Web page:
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ATB boosts Laurence Scott`s sales by 34% in six months
Published:  20 December, 2007

In the six months since the Austrian motor-maker ATB acquired Norwich-based Laurence Scott & Electromotors from administration, it has raised its turnover by 34% to £18m on an annualised basis, according to preliminary figures.

ATB took over Laurence Scott in June 2007 through its UK subsidiary, ATB Morley. Since then, it has focused on restructuring the Norwich operation to boost its productivity and output, as well as integrating Laurence Scott into its global network. In the second half of 2007 the company, now called ATB Laurence Scott, broke even.

ATB has re-hired 33 of the 79 workers who were made redundant by the administrators before the sale. It has also taken on four new members of staff, taking the total employed in Norwich to 156. ATB is planning to spend around £200,000 to rebuild and upgrade equipment at the site, and just approved an investment to develop a new test bed facility.

"We are glad to report that Laurence Scott is now fully stable and is back as a serious player in the market and channels they serve, continuing to strengthen its competitive position", says ATB’s chief executive, Christian Schmidt. "ATB Laurence Scott`s turnaround is truly outstanding and was achieved in far shorter a time than originally estimated."

Laurence Scott, founded in 1883, develops and manufactures high-voltage motors, mainly for the oil and gas industry. Most of the new orders are coming from European pump and compressor OEMs serving the oil and gas industry, and are destined for projects in the Middle East, Asia and the North Sea.

According to Schmidt, Laurence Scott’s products and markets are now an important part of the ATB Group. "We see high potential in further developing the company and moving to new markets like the Middle East," he told Drives & Controls.

ATB says that Laurence Scott has proved to be "the perfect match" for its German sister company, Schorch. A detailed strategic planning process will be initiated in the first quarter of 2008 to examine areas where ATB Laurence Scott could grow further.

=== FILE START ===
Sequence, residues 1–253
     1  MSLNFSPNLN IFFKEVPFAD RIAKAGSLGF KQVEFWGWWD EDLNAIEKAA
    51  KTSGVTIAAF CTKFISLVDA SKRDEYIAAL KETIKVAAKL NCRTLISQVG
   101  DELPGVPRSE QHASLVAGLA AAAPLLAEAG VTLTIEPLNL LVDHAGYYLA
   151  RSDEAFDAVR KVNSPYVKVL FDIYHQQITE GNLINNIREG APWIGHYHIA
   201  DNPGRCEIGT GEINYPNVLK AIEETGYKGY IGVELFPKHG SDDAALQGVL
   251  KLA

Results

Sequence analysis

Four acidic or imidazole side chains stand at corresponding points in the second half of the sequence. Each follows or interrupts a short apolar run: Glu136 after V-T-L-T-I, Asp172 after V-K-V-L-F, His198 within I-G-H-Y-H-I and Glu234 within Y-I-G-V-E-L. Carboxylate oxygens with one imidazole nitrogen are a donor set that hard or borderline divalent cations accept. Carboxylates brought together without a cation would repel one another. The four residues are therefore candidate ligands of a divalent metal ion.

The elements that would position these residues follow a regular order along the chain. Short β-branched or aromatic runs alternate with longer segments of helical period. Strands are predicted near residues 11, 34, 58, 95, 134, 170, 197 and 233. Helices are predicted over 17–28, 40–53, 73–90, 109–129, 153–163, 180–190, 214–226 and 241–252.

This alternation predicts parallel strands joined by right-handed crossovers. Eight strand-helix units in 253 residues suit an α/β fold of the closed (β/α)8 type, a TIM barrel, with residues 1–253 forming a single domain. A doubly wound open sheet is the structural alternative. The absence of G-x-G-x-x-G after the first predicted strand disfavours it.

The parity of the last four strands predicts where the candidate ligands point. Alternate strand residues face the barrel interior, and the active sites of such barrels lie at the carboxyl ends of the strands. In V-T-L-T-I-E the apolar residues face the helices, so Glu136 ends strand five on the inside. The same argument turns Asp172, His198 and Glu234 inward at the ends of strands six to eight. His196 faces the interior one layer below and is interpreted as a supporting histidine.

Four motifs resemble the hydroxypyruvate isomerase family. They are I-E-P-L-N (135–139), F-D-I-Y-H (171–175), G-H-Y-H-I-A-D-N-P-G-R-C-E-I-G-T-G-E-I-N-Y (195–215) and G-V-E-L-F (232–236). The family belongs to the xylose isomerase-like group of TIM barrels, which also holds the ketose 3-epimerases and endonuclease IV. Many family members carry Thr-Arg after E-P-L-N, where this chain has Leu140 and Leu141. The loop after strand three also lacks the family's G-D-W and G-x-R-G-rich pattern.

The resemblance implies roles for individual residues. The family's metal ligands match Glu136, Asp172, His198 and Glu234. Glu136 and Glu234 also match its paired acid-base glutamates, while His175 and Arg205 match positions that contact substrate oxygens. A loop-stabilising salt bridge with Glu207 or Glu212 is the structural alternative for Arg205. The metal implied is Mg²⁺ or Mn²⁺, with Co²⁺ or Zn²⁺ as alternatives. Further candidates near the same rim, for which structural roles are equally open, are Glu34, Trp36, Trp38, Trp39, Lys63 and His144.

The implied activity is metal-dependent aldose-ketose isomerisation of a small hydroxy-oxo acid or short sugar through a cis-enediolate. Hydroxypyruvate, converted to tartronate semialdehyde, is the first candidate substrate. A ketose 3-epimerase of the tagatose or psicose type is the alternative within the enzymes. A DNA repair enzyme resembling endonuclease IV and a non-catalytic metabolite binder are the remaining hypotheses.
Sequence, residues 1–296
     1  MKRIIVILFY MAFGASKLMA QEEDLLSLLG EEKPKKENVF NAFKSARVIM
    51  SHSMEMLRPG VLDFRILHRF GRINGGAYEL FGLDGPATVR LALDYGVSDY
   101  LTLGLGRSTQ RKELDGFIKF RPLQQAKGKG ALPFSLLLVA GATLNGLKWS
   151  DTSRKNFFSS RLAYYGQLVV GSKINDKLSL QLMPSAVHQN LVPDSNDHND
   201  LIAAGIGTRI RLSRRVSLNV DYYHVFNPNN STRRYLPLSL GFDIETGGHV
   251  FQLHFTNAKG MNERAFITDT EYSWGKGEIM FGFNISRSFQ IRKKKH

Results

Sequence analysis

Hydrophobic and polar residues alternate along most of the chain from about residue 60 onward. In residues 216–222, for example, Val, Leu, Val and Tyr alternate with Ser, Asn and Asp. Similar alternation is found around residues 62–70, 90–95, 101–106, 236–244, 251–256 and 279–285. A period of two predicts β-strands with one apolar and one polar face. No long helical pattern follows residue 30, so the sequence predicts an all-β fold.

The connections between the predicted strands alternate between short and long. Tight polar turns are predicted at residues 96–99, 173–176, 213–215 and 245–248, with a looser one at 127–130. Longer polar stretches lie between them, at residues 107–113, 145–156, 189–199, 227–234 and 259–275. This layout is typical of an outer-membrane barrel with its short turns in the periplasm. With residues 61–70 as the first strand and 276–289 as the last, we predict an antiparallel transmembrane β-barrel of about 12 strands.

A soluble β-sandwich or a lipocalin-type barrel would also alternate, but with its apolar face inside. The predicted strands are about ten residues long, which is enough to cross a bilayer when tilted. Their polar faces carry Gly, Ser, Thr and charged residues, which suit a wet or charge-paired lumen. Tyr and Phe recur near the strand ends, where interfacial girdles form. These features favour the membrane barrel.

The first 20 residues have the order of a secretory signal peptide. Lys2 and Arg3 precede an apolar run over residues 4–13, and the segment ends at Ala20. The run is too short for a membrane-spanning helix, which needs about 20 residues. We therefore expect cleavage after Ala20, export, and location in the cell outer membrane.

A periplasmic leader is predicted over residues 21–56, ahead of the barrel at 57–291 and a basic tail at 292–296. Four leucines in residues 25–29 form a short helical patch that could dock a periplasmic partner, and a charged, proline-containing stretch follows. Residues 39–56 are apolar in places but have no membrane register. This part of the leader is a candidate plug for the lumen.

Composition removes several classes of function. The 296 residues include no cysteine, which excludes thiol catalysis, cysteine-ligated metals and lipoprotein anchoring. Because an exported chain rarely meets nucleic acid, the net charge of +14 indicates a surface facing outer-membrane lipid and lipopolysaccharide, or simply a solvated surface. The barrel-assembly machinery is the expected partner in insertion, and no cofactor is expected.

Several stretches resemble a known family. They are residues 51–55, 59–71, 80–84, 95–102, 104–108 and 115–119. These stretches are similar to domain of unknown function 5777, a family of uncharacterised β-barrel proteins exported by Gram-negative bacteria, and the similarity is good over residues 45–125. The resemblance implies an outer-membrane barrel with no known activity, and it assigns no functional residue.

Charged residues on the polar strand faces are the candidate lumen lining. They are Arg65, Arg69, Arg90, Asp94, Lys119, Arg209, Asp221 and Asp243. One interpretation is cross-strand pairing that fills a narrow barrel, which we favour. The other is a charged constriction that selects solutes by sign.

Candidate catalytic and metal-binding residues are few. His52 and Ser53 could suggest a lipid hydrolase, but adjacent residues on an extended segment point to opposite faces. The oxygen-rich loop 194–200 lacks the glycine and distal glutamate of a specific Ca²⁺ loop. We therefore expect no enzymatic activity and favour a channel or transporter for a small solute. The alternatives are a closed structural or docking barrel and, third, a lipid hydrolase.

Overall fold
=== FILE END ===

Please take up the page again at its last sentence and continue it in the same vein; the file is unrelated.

Schmidt is confident that "the operations side of the business is more than capable of keeping up with the current growth rate.

"Cash flow has been restored to maintain a consistent inbound flow of the materials required to operate," he reports. "We intend to be very opportunistic in taking advantage of the current opportunities presented in the buoyant markets and channels we serve."

One issue which has yet to be resolved is the lease of the valuable Gothic Works site, which is still owned by Laurence’s Scott’s former parent, FKI. This lease is due to run out in a few months, and ATB is still negotiating with FKI to extend it. According to Schmidt, "there is no reason to believe that an agreement will not be reached". He adds that ATB has successfully negotiated an agreement with Norwich City Football Club to extend the lease on Laurence Scott’s test bed building to October 2009.

Another of ATB’s recent UK acquisitions, the Stockport-based motors business David McClure, which ATB bought in July 2007, is also reported to be showing signs of recovery and ATB has great hopes that it can follow in the steps of Laurence Scott.

Turning to ATB’s troubled UK subsidiary, Brook Crompton, Schmidt says that "our goal is to give Brook Crompton a strong position in the UK market and to return the company to its previous strength. We see big potential for Brook Crompton through the strengthening of sales and marketing as well as a clear positioning of the product portfolio."

He reports that Brook’s lead times have reduced, adding that "we are working intensively on optimisation of lead times," but he cautions that "due to the booming market situation and strong customer demand, all producers are showing longer lead times. We and all our competitors are also suffering from longer lead times from our component suppliers."

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